How does for loop implement into_iter

Follow up this question which is marked as duplicate as question here. The concept of how for loop implement into_iter keeps haunt me down and this answer kinda creates more question to me like the terms of re-borrow, which is not mentioned in rust official document at all except in one place. To my understanding… Read More How does for loop implement into_iter

`#[derive(Clone)]` seems to wrongfully enforce generic to be `clone`

It seems that when deriving Clone, Rust forwards the Clone trait requirement to Generics that do not require the trait, like if they are wrapped inside an Arc. Do I misunderstand how Clone works or is this a compiler mistake? Consider the following code, where a.clone() works, but b.clone() does not. Also note that without… Read More `#[derive(Clone)]` seems to wrongfully enforce generic to be `clone`

Tuple struct to function coercion : what are the lifetime parameters of said function?

I don’t understand something about the feature that makes it possible to coerce a tuple struct to a function as in: struct MyType(u8); let optional_mytype: Option<MyType> = Some(12).map(MyType); // ^^^^^^ here, MyType is treated as a function In the example above, no lifetimes are involved: everything is easy. However, when the structure has a generic… Read More Tuple struct to function coercion : what are the lifetime parameters of said function?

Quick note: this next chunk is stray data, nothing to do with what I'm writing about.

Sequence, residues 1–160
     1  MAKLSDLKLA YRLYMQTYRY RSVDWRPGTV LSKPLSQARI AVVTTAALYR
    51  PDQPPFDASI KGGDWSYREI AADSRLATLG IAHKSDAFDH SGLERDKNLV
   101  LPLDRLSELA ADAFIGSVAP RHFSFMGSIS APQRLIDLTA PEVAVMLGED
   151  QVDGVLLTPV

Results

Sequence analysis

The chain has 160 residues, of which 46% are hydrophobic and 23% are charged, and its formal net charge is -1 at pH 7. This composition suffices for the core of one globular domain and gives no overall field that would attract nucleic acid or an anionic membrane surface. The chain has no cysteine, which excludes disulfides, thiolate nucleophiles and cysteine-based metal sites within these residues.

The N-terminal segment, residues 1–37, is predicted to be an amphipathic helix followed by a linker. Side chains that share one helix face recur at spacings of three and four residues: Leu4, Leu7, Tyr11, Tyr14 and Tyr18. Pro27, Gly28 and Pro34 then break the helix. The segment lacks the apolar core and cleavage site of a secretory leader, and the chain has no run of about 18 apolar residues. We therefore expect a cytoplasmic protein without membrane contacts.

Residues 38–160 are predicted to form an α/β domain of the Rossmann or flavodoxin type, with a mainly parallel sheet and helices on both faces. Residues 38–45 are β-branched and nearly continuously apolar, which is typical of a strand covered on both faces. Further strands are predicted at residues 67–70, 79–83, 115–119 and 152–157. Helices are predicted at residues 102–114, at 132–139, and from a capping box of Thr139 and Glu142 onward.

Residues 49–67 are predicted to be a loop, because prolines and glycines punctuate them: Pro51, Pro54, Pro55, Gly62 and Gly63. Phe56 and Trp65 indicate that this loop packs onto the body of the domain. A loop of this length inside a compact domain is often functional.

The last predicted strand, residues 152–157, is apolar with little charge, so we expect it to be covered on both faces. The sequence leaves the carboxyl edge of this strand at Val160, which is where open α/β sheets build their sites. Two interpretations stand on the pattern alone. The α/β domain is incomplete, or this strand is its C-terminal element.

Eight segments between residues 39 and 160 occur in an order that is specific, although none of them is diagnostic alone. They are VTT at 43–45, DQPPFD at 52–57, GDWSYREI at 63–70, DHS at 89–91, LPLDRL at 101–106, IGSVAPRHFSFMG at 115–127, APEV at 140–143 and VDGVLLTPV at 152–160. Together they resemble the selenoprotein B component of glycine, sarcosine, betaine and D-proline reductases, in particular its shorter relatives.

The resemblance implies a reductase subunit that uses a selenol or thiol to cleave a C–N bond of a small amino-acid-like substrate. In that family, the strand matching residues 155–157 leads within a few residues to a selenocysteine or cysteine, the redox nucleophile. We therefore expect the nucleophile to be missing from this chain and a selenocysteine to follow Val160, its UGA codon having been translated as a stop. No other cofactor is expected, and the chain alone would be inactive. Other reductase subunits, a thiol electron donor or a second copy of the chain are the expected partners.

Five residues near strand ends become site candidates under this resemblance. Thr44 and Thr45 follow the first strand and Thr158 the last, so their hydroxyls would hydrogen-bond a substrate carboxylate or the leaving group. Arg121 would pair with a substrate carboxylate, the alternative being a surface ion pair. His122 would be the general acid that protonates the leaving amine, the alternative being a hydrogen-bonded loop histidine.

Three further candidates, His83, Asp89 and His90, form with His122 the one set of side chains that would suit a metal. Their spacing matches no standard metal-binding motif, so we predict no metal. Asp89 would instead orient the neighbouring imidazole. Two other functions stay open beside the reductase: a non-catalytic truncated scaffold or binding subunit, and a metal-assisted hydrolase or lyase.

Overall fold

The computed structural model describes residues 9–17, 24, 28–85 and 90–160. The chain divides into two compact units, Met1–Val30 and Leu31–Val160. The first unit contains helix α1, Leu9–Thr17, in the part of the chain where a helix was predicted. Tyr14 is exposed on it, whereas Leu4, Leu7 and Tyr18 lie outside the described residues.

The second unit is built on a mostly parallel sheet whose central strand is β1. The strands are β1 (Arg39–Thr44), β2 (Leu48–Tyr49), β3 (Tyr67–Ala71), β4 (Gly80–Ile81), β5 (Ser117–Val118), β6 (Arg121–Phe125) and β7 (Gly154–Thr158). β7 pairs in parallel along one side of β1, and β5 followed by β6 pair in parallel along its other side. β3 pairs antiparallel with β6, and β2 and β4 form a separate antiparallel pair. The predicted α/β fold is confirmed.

Why can't a mutable method be called on a mutable String reference but works for TcpStream

As I was trying to understand the differences between a mutable variable, which happens to be a reference, e.g. let mut x: &i32 vs mutable references, e.g. let x: &mut i32, I found this difference I can’t understand: This works, where by_ref has the signature: fn by_ref(&mut self) -> &mut Self (docs) fn example(mut t:… Read More Why can't a mutable method be called on a mutable String reference but works for TcpStream